How I’m Helping My Daughter Fight Insecurity

“I don’t like the way I look.” Those heartbreaking words came out of my 4 year old daughter one night right before bed. I couldn’t believe she was saying this to me. It was as if she was speaking a different language and I couldn’t understand her, yet I knew exactly what she was saying as it broke my heart.
 
I just couldn’t wrap my head around it. My husband and I give her love and encouragement on a daily basis. I’m always making sure knows that she’s not only beautiful on the outside, but she’s kind, loving, caring and sincere, which makes her even more beautiful on the inside.
 
Here I was staring at the most beautiful thing I had ever laid eyes on, my tiny best friend, the little love of my life, hand picked by God to be my miracle baby, and I was shocked at her words. Asking her to repeat herself I could hear her voice quivering as she said “Mommy I just don’t like the way I look.” My heart sank, my eyes watered, and my arms held her.
 
How I'm Helping My Daughter Fight Insecurity
 
It’s hard for a 4 year old to really REALLY communicate how they feel. On every other occasion my daughter has a story for everything and takes being a chatterbox to a whole other level. She keeps me up at night as she tends to talk in her sleep too. But this time she couldn’t find her words. And just hearing her repeat herself over and over just made me feel all the feelings all at once. She couldn’t explain to me why she was saying those things. She denied anyone being mean to her, someone calling her ugly or feeling bad any other time.
 
For all I know, they might have been words to get her out of an early bedtime, she tends to be a little dramatic. I seriously don’t know where she gets that from {inert sarcasm}, but I knew I couldn’t take her statement lightly. There’s no way I could even imagine what would possess her to say those words.
 
We’ve recently moved to Houston. We left our bubble in the RGV, the Rio Grande Valley, a Hispanic dominant community- my community for over 30 years. It’s definitely a community surrounded by a bubble, oblivious to the outside world and it’s habitants. My daughter’s new school and friends are all so diverse, nothing like back home. She’s meeting new people with all different backgrounds who speak different languages, who don’t all have dark hair and eyes like she does. I’m not sure if this has anything to do with her feelings, but as a parent, as her mother and her biggest fan, there’s no way I will let my daughter feel less than. Not today, not as a 4 year old, and not ever again, if I can help it.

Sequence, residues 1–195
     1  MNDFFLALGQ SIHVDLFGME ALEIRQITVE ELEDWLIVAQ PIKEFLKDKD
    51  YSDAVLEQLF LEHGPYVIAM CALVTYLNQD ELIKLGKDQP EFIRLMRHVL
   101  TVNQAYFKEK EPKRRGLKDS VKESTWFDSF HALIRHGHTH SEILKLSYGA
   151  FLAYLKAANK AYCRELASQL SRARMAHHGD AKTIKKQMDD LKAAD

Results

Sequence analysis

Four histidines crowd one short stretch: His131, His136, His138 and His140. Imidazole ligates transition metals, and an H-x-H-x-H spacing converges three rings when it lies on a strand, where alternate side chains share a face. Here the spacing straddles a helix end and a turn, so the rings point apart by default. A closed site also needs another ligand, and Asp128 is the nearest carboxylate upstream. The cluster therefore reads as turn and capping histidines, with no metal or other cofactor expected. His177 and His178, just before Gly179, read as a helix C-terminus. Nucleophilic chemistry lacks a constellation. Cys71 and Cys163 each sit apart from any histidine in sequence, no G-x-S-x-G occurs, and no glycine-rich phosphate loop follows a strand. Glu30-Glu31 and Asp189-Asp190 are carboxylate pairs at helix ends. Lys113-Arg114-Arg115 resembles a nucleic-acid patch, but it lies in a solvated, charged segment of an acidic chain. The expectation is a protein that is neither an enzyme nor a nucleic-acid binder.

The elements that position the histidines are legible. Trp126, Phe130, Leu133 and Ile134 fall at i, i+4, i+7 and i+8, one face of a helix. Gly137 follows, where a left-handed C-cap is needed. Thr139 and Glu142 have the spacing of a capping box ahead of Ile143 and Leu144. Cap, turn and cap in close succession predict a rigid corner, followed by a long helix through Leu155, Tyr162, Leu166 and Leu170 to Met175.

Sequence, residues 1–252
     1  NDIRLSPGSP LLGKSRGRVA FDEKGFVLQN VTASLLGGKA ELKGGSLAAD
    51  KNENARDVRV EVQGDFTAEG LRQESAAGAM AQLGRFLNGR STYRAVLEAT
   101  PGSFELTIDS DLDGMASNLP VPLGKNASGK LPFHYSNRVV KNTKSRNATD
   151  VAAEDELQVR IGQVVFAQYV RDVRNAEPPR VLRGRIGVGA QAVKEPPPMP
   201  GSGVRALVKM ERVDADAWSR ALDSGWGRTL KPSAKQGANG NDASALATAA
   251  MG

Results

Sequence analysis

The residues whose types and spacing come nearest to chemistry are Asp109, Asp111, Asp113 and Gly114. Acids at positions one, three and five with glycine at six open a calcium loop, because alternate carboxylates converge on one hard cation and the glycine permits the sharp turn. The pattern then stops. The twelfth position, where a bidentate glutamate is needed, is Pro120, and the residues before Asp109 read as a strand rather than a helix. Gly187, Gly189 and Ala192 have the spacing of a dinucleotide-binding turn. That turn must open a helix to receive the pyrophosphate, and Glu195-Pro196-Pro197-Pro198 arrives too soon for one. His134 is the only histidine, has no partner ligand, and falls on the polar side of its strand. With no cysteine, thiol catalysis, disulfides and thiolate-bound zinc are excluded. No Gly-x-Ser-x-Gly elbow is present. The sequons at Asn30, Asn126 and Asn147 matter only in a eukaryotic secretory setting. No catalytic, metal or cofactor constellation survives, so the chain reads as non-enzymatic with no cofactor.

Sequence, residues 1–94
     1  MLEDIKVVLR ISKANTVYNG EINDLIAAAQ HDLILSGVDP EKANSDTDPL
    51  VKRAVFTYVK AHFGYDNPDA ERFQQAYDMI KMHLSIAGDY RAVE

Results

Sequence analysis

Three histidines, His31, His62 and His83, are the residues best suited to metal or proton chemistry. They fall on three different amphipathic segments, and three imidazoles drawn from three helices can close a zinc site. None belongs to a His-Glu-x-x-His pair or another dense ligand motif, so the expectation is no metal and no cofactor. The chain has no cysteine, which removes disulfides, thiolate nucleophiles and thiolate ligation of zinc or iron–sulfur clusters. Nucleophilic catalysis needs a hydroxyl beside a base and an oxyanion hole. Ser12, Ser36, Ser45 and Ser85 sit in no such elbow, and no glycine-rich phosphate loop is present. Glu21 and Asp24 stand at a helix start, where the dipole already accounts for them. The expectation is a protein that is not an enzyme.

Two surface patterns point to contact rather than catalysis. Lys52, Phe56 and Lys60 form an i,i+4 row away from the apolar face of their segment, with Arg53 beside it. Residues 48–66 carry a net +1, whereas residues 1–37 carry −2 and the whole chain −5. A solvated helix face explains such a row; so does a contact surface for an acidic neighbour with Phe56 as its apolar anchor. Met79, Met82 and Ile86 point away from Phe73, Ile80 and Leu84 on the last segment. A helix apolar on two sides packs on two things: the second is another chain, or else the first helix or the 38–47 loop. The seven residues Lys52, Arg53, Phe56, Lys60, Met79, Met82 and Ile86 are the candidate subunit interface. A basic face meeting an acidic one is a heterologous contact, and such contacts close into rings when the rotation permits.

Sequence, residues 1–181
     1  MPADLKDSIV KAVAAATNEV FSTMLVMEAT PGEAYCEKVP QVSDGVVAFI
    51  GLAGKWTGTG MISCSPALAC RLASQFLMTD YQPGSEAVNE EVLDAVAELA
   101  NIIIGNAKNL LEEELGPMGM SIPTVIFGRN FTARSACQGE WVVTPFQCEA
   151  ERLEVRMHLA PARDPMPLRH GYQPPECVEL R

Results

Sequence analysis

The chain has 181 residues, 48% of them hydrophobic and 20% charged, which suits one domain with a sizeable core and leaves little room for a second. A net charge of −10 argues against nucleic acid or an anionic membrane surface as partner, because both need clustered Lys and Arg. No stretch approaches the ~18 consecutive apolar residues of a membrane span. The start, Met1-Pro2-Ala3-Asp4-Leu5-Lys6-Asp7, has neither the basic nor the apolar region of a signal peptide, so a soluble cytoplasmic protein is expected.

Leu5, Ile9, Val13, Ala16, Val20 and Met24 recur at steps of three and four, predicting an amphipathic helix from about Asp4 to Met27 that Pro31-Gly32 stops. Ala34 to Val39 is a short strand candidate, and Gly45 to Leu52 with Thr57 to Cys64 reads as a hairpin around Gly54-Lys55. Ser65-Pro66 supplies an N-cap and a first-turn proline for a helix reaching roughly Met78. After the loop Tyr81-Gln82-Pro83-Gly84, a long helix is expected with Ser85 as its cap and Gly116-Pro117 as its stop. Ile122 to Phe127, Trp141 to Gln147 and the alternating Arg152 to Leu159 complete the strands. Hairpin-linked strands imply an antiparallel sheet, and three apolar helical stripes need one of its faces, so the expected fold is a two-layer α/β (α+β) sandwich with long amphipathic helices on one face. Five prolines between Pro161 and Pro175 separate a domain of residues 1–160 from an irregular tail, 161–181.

Let Her Make Decisions

How I'm Helping My Daughter Fight InsecurityShe may be only 4, but I will continue to treat her as a person that matters. I allow her to make decisions and suffer consequences for bad ones. Giving her that independence and freedom to decide what she does or doesn’t want is huge. Something as simple as that can do a lot for a young child’s self esteem. Giving her the choice on what to wear to school, to a certain extent. Pajamas aren’t really the best attire for preschool. Things such as having kids choose what they want to eat for dinner, or what movie to watch can give a little one a sense of power and feel important and valued.

Give Praise

Praise, praise, praise. As a teacher I can tell you from first hand experience that a little praise goes a long way. Praise & stickers is Gold in the classroom. But at home, kids need praise too. Especially from their parents, their loves ones, those who see them in their most vulnerable states. I can’t tell you how many times I tell her daily she’s doing such a good job, or that her efforts are enough. I don’t know if that’s the teacher in me, or tbt mother in me, but I always like to make children feel special and seen. Children want to feel loved and know that they matter.

Be A Good Role Model

As her mother it’s only normal to question myself…. have I been putting myself down in front of her. Often times I find myself on speaker phone with a close friend as I’m multi tasking, laundry, dinner, etc. and I’m wondering if she’s heard me complain about my weight gain, my wrinkles, my dry skin?? Was she learning this from me? I can’t turn back time, but I can move forward and just be aware of what I say around her. I don’t ever talk bad about myself to her, but I should know better than to talk within her hearing. I’m her mother, and for a 4 year old, I’m pretty much her superhero. Teaching her confidence and acceptance has always been be a priority for me and I don’t see that changing.

I know this won’t be the last time I hear words like this from my girl, but I was really thinking this would come a lot later in her teen years, not in preschool. Maybe this situation was meant to keep me on my toes and prepare me for when those hormonal junior high years come, I’ll be ready. I’ll be loving her more, letting her get her taste of independence and reassuring her that she’s perfect just the way she is.

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